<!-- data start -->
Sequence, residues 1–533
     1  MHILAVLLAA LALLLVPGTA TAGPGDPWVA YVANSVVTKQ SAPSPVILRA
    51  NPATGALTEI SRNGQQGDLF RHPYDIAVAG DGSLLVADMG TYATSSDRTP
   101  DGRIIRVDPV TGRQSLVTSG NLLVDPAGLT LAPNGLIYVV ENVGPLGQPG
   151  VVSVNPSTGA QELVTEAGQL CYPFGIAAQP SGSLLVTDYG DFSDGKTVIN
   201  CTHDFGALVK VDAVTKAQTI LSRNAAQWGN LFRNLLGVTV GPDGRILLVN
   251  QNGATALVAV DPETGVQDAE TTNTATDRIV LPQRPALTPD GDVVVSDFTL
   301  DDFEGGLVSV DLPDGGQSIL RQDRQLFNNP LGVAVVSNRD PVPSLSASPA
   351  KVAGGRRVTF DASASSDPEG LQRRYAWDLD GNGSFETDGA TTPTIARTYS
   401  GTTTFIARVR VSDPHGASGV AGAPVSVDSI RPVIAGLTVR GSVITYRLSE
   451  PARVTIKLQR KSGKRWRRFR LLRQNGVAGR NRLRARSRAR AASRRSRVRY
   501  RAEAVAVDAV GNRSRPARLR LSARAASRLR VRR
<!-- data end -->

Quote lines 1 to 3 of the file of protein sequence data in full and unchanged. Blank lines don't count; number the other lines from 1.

Sequence, residues 1–533
     1  MHILAVLLAA LALLLVPGTA TAGPGDPWVA YVANSVVTKQ SAPSPVILRA
    51  NPATGALTEI SRNGQQGDLF RHPYDIAVAG DGSLLVADMG TYATSSDRTP